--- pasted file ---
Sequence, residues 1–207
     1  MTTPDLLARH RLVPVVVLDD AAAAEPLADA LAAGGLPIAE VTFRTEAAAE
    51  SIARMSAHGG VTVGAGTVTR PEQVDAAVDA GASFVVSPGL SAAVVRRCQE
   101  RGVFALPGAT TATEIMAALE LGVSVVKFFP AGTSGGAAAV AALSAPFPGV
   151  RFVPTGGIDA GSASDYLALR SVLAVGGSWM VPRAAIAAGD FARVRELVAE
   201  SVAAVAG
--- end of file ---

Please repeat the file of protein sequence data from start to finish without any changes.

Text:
Sequence, residues 1–207
     1  MTTPDLLARH RLVPVVVLDD AAAAEPLADA LAAGGLPIAE VTFRTEAAAE
    51  SIARMSAHGG VTVGAGTVTR PEQVDAAVDA GASFVVSPGL SAAVVRRCQE
   101  RGVFALPGAT TATEIMAALE LGVSVVKFFP AGTSGGAAAV AALSAPFPGV
   151  RFVPTGGIDA GSASDYLALR SVLAVGGSWM VPRAAIAAGD FARVRELVAE
   201  SVAAVAG